Friday, March 23, 2012


March 23, 2012.

Dear Andrea,

I am moving. 

It is hard to be still.

My house is mine again.  The  smell of muddy man boots, Carhart jeans, jackets are gone. The wet wood, the damaged molded parts have all been ripped out, thrown out, dried out, disinfected.  Wood has been replaced by slate.  Slate from India.  Tumbled slate, mosaic slate, slate pavers.  My bare feet caress the cool roughness of stone.

Dressed in an abeurgine colored silk negligee and matching robe, both trimmed in black lace I dance to the regular beat of Baba Mall as I unpack boxes, take my time.  Contemplate  substance, texture of everything collected.  Only I understand the full meaning of these items.  Someday, someone will inherit all of this.  Should I leave notes for them?  “I bought this collection of fabric dolls from a little shop in Tallin..”

You would know that. 

I take the mundane and turn it into something exquisite.  This experience of moving. 

Of music that touches me, rocks me elementally.

I bend to pick something up from the floor.  My necklace, 18k gold, your name in Arabic, thin as a sheet of paper, falls in my mouth.  I bite it gently.  I remember when you bought this.  Its history.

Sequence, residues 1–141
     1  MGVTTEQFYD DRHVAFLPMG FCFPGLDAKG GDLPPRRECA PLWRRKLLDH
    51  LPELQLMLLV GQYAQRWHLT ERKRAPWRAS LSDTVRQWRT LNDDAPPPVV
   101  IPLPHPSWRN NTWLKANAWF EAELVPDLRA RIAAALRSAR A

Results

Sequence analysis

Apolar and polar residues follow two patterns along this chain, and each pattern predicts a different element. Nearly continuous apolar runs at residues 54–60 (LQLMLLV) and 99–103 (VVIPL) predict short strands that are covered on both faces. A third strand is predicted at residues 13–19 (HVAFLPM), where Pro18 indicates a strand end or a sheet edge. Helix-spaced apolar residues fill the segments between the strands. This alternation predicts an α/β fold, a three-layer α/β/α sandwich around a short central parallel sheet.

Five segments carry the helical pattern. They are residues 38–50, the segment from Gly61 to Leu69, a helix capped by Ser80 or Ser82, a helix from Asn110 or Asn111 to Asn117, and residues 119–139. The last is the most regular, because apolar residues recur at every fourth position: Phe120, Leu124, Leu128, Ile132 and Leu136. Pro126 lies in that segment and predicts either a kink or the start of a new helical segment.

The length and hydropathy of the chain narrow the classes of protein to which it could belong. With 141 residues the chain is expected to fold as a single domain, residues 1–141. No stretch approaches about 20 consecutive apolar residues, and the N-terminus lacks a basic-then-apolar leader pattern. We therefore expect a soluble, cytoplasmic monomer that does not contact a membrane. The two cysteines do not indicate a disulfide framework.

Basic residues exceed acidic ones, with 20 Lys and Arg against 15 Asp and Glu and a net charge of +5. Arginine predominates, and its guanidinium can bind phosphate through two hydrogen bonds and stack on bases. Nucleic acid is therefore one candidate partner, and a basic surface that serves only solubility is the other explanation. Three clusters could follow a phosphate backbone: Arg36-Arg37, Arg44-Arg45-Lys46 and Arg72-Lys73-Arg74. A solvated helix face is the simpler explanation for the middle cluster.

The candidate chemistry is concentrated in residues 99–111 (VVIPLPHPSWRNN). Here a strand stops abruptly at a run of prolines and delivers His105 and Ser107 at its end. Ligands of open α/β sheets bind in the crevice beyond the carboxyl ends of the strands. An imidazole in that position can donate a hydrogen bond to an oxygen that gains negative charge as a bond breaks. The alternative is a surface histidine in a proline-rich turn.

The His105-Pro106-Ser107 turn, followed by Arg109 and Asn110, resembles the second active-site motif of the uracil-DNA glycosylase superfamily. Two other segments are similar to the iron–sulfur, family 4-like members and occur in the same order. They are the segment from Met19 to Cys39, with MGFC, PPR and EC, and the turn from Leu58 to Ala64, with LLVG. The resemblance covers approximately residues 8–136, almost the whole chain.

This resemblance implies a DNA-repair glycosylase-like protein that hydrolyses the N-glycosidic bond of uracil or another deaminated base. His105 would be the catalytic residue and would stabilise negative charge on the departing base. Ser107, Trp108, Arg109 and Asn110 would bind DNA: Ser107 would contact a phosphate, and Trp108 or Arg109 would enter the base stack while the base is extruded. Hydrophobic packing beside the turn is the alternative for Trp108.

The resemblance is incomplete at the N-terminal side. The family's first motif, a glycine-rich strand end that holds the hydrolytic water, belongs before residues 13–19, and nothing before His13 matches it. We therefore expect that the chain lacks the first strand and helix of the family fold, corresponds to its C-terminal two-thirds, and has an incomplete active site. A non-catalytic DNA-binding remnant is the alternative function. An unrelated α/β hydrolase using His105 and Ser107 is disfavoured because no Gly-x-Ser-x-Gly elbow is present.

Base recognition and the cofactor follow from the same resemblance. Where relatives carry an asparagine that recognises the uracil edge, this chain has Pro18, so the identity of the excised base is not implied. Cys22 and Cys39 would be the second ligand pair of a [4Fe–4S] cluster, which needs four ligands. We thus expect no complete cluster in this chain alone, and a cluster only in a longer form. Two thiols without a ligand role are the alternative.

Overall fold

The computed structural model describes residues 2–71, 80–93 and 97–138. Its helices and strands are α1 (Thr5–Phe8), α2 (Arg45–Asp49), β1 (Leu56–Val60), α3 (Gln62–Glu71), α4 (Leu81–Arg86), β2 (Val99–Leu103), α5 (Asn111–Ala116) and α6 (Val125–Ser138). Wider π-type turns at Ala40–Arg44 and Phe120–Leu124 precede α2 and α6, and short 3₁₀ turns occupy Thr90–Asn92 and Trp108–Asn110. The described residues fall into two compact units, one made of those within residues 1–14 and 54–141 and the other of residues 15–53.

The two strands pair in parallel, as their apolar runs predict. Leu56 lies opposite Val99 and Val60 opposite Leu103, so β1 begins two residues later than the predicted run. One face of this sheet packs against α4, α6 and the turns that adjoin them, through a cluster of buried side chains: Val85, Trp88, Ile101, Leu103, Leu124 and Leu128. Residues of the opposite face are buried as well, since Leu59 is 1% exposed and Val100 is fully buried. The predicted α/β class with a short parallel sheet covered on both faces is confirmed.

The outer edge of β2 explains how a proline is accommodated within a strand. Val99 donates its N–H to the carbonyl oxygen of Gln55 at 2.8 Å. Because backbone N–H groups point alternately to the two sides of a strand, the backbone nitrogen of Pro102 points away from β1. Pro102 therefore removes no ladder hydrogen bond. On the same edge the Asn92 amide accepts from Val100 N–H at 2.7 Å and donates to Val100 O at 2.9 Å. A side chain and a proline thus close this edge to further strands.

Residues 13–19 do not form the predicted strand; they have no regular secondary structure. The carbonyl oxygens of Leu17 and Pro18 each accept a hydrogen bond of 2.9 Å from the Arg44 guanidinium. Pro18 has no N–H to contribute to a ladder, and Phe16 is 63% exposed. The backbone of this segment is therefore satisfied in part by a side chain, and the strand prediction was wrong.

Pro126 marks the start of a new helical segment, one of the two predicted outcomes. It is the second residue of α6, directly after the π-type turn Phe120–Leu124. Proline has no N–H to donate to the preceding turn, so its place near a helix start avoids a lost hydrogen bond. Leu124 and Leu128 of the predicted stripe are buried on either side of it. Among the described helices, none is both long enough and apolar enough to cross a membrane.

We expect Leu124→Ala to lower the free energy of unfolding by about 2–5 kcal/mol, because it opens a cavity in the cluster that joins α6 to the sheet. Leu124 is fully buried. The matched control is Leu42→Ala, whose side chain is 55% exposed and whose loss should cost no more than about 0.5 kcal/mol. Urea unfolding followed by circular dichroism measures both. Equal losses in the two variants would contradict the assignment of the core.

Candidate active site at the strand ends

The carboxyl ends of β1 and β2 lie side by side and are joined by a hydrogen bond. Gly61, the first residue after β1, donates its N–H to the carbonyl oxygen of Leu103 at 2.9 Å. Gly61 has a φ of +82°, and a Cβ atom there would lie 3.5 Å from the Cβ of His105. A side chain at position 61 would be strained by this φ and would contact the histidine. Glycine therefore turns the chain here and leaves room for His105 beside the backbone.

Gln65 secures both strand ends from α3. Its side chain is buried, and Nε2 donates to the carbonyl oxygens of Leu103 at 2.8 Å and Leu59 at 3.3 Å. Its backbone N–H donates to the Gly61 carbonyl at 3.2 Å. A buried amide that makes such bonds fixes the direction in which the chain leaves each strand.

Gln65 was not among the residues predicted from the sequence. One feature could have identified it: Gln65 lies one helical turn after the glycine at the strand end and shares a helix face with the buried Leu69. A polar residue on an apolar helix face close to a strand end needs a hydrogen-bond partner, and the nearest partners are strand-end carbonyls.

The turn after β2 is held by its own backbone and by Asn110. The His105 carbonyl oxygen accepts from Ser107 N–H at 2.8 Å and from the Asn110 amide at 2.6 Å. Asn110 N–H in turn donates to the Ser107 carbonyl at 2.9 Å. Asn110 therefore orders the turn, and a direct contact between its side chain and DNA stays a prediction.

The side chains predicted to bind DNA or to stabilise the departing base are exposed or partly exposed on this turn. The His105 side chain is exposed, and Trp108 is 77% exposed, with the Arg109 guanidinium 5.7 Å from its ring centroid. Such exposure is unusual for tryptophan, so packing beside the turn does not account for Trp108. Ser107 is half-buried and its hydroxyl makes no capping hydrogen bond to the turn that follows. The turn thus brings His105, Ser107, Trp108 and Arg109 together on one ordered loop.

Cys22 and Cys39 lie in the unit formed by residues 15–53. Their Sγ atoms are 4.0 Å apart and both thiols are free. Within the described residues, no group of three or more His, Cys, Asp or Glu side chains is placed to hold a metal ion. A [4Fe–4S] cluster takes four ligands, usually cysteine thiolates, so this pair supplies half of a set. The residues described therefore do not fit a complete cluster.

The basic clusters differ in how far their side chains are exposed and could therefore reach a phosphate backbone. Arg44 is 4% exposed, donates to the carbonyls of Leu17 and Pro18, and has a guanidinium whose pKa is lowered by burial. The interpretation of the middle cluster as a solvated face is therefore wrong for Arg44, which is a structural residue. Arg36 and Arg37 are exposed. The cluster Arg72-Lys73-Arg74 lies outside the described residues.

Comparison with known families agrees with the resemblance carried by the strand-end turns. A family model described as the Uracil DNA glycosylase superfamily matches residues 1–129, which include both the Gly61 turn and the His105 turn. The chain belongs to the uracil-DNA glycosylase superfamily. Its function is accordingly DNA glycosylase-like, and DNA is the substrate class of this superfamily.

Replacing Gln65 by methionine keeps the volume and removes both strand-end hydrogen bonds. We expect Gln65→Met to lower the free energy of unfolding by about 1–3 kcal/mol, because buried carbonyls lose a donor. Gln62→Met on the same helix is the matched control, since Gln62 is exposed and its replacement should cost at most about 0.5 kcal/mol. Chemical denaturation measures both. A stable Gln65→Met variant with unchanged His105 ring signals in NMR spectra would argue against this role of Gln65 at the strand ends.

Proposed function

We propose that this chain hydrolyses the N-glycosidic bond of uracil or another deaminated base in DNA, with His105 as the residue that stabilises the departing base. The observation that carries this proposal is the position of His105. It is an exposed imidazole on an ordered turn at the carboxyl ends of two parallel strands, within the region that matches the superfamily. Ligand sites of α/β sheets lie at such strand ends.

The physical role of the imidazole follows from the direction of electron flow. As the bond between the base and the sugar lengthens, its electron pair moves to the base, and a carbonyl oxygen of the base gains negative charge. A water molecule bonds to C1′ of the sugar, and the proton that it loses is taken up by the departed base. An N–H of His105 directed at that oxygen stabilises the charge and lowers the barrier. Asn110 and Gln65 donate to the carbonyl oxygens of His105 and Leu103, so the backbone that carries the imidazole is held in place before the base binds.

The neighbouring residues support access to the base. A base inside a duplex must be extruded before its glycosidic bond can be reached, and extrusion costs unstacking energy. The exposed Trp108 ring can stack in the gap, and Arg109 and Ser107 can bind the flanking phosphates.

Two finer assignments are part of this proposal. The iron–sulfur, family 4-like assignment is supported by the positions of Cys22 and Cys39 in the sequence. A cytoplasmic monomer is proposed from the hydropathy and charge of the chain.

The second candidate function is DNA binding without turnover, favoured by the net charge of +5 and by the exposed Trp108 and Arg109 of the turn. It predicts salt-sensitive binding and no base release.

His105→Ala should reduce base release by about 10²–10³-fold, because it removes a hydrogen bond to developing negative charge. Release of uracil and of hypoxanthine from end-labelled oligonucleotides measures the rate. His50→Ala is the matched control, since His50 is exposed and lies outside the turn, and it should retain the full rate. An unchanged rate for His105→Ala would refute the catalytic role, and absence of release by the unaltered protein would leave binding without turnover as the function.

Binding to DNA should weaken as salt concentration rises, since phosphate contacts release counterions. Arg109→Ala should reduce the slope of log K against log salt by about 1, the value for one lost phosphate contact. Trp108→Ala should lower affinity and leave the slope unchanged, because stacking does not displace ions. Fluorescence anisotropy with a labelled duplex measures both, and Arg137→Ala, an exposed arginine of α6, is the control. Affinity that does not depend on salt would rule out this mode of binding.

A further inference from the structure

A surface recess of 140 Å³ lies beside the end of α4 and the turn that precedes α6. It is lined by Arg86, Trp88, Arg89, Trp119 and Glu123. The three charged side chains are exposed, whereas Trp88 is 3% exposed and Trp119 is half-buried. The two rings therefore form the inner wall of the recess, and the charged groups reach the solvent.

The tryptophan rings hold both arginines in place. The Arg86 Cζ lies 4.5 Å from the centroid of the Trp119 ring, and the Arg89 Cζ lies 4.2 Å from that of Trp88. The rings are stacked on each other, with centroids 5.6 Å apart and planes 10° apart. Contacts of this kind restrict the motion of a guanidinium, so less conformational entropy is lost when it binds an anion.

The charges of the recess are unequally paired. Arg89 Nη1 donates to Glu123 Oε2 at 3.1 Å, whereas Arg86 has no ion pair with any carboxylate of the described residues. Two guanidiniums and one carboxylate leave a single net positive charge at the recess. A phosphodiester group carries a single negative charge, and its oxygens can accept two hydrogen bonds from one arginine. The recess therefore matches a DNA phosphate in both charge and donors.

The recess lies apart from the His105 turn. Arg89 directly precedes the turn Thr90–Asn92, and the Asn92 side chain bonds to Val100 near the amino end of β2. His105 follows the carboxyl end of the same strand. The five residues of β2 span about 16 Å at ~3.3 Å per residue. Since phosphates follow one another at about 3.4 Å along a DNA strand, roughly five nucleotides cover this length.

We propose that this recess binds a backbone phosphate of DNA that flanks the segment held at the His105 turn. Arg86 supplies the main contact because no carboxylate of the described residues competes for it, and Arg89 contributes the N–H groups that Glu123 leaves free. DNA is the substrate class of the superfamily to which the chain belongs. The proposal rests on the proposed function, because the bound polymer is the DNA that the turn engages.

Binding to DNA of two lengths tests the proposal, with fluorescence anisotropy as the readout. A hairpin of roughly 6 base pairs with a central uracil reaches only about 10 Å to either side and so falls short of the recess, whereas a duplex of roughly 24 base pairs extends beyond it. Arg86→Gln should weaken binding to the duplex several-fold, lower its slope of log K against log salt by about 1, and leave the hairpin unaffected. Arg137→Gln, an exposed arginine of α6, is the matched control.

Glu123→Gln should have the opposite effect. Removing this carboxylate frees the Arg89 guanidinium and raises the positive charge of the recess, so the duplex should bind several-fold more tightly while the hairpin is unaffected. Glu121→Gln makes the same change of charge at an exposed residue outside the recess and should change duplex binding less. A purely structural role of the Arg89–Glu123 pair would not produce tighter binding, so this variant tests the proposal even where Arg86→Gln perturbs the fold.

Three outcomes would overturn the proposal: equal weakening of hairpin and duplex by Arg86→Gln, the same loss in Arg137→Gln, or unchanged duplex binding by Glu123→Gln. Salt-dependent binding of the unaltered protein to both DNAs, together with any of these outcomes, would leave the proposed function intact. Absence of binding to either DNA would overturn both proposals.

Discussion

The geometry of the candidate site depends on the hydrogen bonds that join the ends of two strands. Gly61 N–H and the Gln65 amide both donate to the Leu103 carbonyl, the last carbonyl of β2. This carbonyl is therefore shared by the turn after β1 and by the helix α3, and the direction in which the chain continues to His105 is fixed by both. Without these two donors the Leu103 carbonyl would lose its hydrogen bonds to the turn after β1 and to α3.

Yesterday I saw a ghost of you in WalMart. 

From the back, the way the girl stood at the counter, the way her pants were just a little too tight, her fleshy sides spilling out over the waistband, the color of her hair, the wave in it she tried to tame, the casually tense way she held herself.  I walked past her, holding my breath, listening for your voice.

I wanted her to be you.  I wanted to go up to her, wrap my arms around, bury my nose in her neck, whisper, “I love you”, kiss her cheek.

I was in the laundry soap aisle before I could breathe again.  But I did not cry.  I don’t count tearing up as crying anymore.

Rehanging pictures of you as a baby, resetting your baby shoes on their shelf, I feel the pull of your mouth, the movement of your tongue against my nipple hungry for nourishment.  Our eyes meet.  You smile. Milk pours out the side of your mouth. 

Your sister texted me today.  She is moving.  She has a box of used sharps that were yours.  Do I want them?

Not really. 

I tell her she can dispose of them.  Good luck on her move.

No reply.

Moving in.  Moving out.

Moving in again I keep only the important stuff. 

I arrange and rearrange. 

Nothing ever goes back the same way it was.  

I re create my space.  My self.     

Moving out.  Moving in.

I disinfect, polish to perfect shine, leave no smears.

Before I can move away, dust collects again, begins to settle. 

You are dust now.  Ashes. 

Alone beneath the blanket I tucked around you at night, the Easter Bunny I gave you when you were two, the five and dime tiara.

In my closet.  Hidden behind my suits and jackets.

I was a mother.

I am a mother.


This I cannot move in or out of.

I love you—Mom